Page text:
The fibre-optic Basslink cable linking Tasmania to the mainland has officially gone live, with two customers, Aurora and Internode, hooked up to receive transmissions.
The cable was technically live last week, Basslink general manger Michael Coates told ZDNet.com.au this morning, but as of the last 24 hours it now had Aurora and Internode online. A "good half-dozen" other customers would be hooked up in the coming weeks, he said.
Yet Internode customers shouldn't start sending large amounts of data to test the new link, according to a spokesperson for the internet service provider, as it was still testing it to make sure it worked properly. In about a week it should be running at around 100 per cent capacity and customers would then see the benefits, the spokesperson said.
Aurora hadn't responded to requests for comment at the time of writing.
The activation has been the end of a long saga that saw the cable lying dormant under Bass Strait for years. The cable was first planned in 2000, piggybacking an electrical cable. In August 2007, Singaporean company CitySpring Infrastructure Trust, bought Basslink for over $1 billion. It took over a year, however, for an agreement to be reached with parties involved on terms under which the cable's use could go ahead.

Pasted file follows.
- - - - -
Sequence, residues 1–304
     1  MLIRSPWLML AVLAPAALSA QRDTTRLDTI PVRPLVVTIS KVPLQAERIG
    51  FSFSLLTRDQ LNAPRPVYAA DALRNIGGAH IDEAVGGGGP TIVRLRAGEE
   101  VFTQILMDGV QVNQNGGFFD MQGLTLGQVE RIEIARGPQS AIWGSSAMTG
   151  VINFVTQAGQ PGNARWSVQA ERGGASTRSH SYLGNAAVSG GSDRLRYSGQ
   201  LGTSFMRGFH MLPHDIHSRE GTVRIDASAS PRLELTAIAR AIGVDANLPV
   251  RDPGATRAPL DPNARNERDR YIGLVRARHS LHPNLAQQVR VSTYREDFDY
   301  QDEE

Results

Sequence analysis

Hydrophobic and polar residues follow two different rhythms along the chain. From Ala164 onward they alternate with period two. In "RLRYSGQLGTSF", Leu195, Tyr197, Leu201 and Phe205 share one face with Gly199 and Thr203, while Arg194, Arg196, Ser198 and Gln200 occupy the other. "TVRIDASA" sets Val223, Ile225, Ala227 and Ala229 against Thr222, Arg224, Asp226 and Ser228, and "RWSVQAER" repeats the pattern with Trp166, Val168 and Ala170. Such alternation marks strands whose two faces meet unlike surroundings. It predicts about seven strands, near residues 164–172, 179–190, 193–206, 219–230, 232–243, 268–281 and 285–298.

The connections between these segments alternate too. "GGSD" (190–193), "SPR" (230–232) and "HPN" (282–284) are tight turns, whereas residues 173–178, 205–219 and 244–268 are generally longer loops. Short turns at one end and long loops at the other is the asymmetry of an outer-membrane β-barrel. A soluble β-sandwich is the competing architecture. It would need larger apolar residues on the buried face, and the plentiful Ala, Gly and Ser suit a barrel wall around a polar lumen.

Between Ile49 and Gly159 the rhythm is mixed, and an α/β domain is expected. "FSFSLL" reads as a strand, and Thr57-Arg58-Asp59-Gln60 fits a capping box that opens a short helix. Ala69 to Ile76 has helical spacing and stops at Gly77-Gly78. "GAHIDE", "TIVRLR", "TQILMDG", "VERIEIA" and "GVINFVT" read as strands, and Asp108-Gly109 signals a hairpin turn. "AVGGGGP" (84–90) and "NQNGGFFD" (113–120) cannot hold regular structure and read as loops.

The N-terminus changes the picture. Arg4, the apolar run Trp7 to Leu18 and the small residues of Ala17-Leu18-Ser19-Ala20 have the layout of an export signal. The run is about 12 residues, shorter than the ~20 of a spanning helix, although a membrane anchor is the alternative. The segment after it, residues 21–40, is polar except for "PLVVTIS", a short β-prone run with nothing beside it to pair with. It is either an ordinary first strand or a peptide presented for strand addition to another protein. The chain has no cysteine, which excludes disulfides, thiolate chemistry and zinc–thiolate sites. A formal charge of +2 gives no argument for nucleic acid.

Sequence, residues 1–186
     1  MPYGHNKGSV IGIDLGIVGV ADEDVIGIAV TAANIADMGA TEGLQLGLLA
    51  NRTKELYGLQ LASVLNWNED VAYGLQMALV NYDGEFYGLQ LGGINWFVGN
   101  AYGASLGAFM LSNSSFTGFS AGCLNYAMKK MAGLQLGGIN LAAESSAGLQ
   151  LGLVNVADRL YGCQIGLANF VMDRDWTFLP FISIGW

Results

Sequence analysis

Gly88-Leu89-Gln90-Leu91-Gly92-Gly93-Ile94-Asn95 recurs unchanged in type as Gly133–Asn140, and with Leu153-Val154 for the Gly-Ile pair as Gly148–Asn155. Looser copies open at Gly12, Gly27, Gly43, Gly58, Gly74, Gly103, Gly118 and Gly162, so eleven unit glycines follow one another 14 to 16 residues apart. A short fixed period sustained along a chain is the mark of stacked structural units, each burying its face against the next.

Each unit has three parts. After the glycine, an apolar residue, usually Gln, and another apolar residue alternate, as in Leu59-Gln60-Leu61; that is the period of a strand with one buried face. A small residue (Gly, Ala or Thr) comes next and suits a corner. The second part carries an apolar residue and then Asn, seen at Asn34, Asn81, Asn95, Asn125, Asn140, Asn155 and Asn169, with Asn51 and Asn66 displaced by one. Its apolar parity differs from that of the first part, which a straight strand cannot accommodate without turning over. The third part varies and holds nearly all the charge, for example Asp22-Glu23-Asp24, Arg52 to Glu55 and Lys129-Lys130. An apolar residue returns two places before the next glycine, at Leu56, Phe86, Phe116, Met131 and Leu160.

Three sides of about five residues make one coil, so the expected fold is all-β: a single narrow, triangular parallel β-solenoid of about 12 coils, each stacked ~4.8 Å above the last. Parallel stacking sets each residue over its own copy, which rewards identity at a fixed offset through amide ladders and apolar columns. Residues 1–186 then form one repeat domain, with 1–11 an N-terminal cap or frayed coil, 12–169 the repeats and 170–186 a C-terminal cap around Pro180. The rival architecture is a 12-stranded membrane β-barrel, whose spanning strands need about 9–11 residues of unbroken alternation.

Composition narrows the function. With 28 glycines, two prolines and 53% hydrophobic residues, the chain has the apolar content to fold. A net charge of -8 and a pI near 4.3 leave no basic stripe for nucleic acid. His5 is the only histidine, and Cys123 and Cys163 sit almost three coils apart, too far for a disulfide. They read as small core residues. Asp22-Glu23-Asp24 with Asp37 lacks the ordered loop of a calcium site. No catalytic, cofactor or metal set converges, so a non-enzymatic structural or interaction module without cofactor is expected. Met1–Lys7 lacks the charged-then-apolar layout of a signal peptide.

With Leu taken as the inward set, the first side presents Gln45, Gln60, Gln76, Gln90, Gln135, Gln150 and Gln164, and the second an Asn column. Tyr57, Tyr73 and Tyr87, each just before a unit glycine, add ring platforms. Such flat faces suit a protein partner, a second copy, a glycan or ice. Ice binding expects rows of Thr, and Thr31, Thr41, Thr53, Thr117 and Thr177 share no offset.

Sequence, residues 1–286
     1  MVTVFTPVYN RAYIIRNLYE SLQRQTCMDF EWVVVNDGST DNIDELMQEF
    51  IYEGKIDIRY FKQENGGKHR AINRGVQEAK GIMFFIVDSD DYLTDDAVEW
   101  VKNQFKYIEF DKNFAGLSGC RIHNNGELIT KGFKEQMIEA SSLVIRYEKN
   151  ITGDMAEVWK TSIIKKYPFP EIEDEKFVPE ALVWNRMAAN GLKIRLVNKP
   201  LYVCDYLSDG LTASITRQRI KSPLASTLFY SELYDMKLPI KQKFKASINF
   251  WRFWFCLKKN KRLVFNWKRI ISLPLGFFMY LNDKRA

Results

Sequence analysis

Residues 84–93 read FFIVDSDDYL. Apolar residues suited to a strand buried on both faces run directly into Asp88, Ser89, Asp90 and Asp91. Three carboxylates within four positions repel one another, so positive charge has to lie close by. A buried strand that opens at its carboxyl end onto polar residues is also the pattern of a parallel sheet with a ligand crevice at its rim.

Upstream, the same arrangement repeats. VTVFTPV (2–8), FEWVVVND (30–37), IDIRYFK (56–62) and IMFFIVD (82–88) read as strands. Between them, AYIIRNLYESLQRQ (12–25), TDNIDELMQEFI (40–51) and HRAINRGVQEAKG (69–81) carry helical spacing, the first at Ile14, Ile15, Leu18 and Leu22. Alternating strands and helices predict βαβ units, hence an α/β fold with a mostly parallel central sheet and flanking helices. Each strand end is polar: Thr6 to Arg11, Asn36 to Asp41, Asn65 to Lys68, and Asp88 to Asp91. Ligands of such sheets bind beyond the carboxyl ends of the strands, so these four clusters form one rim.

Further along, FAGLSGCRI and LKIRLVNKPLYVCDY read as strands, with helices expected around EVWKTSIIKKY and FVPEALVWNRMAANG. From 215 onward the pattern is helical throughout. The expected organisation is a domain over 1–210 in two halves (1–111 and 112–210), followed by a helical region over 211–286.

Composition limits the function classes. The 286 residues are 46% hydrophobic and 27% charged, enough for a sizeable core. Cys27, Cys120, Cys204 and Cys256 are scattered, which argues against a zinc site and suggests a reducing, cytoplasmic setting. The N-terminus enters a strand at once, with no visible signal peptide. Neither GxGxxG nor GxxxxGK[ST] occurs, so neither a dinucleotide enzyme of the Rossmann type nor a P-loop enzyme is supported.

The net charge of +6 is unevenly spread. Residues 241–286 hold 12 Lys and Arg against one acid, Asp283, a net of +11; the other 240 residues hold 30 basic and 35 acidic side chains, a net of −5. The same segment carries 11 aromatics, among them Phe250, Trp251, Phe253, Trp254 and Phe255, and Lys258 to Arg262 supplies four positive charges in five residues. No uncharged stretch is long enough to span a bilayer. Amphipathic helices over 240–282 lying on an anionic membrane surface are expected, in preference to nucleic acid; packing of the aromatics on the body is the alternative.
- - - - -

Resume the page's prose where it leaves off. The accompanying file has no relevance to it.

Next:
Telstra had been the only backhaul provider to the state, owning two cables. Internet service providers such as Internode said the monopoly arrangement made providing services on the island too expensive. Telstra has disputed that its prices were unreasonable.
Digital Tasmania, a group started to get Basslink up and running, has congratulated the government, Aurora and Basslink for their efforts.
"The foresight shown almost a decade ago in recognising the potential to co-locate fibre-optic services with both the Basslink Power Interconnector and the trunk routes of the natural gas pipeline has finally paid off," Digital Tasmania spokesperson said in a statement.
"Add to this the recent NBN announcement and in the space of six months we have gone straight to the head of the class in broadband access."
Digital Tasmania was also pushing for a fourth cable as part of the National Broadband Network, which it believed would cost between $30 and $40 million.
"The NBN will produce a massive increase in demand for backhaul — whether this increase can be absorbed by the existing cables in place remains to be seen," the spokesperson said.